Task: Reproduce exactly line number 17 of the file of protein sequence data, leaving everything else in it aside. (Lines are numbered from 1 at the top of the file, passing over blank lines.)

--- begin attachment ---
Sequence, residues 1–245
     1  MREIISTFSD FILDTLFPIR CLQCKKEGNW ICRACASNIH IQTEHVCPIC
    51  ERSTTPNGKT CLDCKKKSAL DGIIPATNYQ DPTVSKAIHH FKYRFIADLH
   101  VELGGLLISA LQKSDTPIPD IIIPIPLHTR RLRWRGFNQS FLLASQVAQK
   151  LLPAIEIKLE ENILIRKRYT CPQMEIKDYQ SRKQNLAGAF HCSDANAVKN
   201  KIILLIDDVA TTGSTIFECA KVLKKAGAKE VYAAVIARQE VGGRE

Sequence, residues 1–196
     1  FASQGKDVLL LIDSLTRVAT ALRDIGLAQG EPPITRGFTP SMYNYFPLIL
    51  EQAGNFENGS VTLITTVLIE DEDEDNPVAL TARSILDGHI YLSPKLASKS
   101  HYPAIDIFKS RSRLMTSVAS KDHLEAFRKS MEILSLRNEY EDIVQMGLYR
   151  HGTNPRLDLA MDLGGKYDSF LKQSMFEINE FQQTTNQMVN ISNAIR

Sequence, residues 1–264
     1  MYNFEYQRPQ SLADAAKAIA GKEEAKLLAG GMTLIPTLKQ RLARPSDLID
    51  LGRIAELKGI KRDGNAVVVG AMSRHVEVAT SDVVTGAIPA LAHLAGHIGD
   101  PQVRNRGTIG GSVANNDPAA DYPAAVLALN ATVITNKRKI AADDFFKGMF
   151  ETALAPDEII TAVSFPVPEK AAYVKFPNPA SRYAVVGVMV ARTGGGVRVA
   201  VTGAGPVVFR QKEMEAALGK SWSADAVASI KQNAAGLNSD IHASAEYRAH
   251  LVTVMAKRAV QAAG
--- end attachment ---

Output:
   201  VTGAGPVVFR QKEMEAALGK SWSADAVASI KQNAAGLNSD IHASAEYRAH